Let’s Be Honest is the crowning moment of Bright Black Heaven. There is never a dull moment in this song from start to finish, and is contains my favorite chorus off the record. I just love when Davey gets into his higher register, it’s always such a treat, so I may be a little biased towards any song he does that in. Another thing I like about Let’s Be Honest is that the bridge doesn’t feel forced (like BAM here it is), which is a problem in a lot of these songs. This song to me is the perfect Blaqk Audio song 10/10
With Your Arms Around You is another song where Jade shines through. The production is just amazing and contains so many elements. The only problem I have with this song is that it’s not very memorable, it doesn’t really have a hook or something that will bring you back for repeat listens. But the final chorus is really nice, and the latter half of the song is superb 7/10
Bliss was much needed on this record so we can get a temporary break from this dance orgasm. It’s slower and dark, but also very simple and cohesive. And it makes me crave and wish there were more songs like it on here, such as Down Here. It’s catchy thanks to the chorus, which is just awesome by the way because of this part, You can never touch. I feel as if Bliss is really just a classic Blaqk Audio song, because it sounds like it could of came from CexCells, but it also showcases their experimental nature. 9/10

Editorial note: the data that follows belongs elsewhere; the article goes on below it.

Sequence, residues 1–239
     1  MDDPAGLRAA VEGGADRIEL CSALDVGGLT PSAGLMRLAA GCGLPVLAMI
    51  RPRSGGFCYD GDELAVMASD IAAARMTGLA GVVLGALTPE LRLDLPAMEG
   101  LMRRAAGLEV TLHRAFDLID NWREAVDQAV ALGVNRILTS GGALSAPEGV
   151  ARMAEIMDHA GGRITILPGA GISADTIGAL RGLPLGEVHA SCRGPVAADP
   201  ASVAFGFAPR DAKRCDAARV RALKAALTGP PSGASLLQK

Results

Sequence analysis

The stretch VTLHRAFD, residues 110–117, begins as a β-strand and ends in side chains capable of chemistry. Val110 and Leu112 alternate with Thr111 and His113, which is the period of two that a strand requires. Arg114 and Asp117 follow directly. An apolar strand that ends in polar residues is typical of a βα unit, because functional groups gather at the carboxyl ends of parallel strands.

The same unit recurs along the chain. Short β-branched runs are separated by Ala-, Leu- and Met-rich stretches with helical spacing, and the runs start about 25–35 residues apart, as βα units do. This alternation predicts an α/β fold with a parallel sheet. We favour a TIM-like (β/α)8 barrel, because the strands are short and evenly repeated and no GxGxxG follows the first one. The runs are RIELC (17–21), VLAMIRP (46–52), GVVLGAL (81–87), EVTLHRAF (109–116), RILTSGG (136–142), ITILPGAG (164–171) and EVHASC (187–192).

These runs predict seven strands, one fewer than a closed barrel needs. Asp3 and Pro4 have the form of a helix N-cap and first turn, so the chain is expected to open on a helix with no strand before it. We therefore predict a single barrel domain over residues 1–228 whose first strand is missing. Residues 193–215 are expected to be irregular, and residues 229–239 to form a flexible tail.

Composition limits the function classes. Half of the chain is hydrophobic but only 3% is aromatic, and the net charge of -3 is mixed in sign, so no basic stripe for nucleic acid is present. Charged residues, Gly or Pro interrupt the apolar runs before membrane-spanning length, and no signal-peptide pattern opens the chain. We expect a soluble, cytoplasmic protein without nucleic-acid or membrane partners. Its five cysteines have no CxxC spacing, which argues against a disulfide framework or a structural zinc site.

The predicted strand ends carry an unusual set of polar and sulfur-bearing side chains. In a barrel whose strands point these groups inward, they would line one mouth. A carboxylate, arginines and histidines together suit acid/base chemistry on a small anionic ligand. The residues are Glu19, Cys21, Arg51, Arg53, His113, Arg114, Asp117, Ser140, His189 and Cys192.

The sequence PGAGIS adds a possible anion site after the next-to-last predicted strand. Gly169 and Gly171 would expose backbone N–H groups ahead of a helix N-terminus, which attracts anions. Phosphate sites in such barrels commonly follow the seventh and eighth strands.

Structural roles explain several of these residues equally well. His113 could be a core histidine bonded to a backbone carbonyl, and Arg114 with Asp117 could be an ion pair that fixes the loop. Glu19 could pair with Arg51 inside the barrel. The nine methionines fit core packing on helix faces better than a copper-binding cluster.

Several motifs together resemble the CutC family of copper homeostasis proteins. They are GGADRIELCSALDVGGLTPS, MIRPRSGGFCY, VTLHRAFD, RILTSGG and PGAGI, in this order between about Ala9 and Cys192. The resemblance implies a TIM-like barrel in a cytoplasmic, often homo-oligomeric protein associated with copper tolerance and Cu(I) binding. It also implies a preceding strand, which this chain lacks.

Speaking of “classic Blaqk Audio songs”, there’s Bon Voyeurs, ripped straight from CexCells (I think they used the same synths for this track). I like this song, but compared to the rest of the album it feels weak and just sounds too familiar. It is catchy at times, but mostly Bon Voyeurs will fail to capture your attention as almost the entire song sounds like it’s one flat note. Nonetheless, I feel like it will be a fun song live, where Davey can put a better spin on it 7/10
I’m not sure if it’s flashbacks of that image of Taylor Lautner, but something about The Witness to me is very off putting. The synths in the verses are kinda annoying, but the song does get better as it approaches the chorus, which references the album title at one part. I don’t really have much else to say about this song, it just isn’t that exciting to me 6/10
Right away, Say Red hooks you with the melody Jade has created here. It truly is a rave song, it reminds me of something off of Dance Dance Revolution. Jade once again makes perfect use of the piano, which is found in many of Blaqk Audio’s work. Davey gets poetic in the chorus (and I know I’ve said this many times now, but it is one of the catchiest choruses on the record), which includes my favorite line from the album: Now let this party start, put modern back in art 9/10
Ill Lit Ships was the first song that was ever heard off of Bright Black Heaven, way back in early 2010. I feel like it is a good closer to the album, even if it being placed next to one of the danciest songs off the record was a little polarizing. Ill Lit Ships, which by my guess tells the story of a prostitute, is haunting from the start. It does a good job of keeping you interested in the song as well, wanting to know what will come next. I found it disappointing though that it’s literally identical to the version they posted on their Soundcloud a year or so back, I would of liked to see some more stuff added to the verses. The song feels bare, but that may be the point of it; it’s atmospheric and I can’t help but be reminded of Cities of Night 8/10